Rare Diseases Become Common

Rare Diseases Become Common

Rare events do happen. Some days I think it is basis of my practice, since I often only get called for the weird stuff. But in a big enough population eventually even rare events will happen.

Vitamin K is required for the production of clotting factors and is found in green vegetables and made by the bacteria of the colon.

Because newborns are not eating broccoli in utero and have not yet developed a colon bacteria flora, they can be born with a vitamin K deficiency. That can lead to Hemorrhagic Disease of the Newborn and they can bleed into the brain and other organs. Because of this risk, every newborn gets a shot of vitamin K a delivery.

If you google vitamin K shot, in the first dozen hits is Skip that Newborn Vitamin K Shot, although after the Science Based Medicine review of the topic.

The Skip site suggests

Since studies have linked large doses of vitamin K with childhood cancers and leukemia, this large dose of synthetic K administered within minutes of birth seems questionable at best.

and, of course, mentions toxins:

this little being has very limited to no ability to detoxify the large dose of synthetic vitamin K and all other the dangerous ingredients in the injection cocktail including:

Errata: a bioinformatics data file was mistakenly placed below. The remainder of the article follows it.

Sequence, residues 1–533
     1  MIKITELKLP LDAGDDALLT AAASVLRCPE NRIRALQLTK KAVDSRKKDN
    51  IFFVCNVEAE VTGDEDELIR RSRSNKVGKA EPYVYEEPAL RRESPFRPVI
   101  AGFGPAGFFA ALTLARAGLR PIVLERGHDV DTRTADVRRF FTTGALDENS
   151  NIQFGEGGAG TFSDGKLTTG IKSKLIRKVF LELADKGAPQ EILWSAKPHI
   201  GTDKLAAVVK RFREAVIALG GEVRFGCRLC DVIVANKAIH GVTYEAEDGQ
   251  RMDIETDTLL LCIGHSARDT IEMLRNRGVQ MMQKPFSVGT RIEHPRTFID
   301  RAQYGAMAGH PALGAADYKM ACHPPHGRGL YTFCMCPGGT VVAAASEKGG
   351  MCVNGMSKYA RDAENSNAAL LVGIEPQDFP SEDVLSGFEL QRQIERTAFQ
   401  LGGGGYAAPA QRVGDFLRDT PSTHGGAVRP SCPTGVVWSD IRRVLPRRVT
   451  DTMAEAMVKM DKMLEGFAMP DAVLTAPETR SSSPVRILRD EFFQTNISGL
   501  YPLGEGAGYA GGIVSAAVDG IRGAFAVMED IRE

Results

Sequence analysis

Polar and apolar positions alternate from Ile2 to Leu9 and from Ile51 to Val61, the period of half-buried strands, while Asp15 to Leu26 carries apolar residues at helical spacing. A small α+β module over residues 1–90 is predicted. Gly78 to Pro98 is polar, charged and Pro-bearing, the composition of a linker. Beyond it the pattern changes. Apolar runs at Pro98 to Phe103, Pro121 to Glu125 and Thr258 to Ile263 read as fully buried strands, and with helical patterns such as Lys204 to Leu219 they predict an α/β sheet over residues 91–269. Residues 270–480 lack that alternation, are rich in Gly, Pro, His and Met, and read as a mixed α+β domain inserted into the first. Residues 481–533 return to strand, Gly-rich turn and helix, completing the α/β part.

• Phenol (carbolic acid – a poisonous substance derived from coal tar)
  • Benzyl alcohol (preservative)
  • Propylene glycol (better known as antifreeze and a hydraulic in brake fluid)
  • Acetic acid (astringent, antimicrobial agent)
  • Hydrochloric acid
  • Lecithin
  • Castor oil

Some have taken this bad information to heart and are refusing vitamin K for their newborns, even though there is no link between vitamin K shots and leukemia. Even Mercola’s screed against the vitamin K shot recognizes that bit of reality.

The results? Rare events becoming less rare:

A total of seven infants between 7 weeks and 20 weeks old were diagnosed with a rare bleeding disorder in Tennessee after parents refused vitamin K injections at birth.

Mark and Melissa Knotowicz declined shots for their twins last summer because they heard that a preservative in the shot could lead to childhood leukemia. Vanderbilt physicians say an old, debunked study linked the two, but no follow-up studies could replicate those results.

One of the twins became sick and a pediatrician suspected blood poisoning until he was taken to the ER at Vanderbilt children’s hospital, where doctors asked if he has ever had the shot.

CT scans showed the infant suffered multiple brain bleeds. After a week in the hospital, the boy is undergoing physical therapy for neuromuscular development issues.

Measles, newborn bleeding, mumps. Diseases that should be of historical interest are coming back to kill and injure.  

Points of Interest: 5/07/2014
Points of Interest: 5/05/2014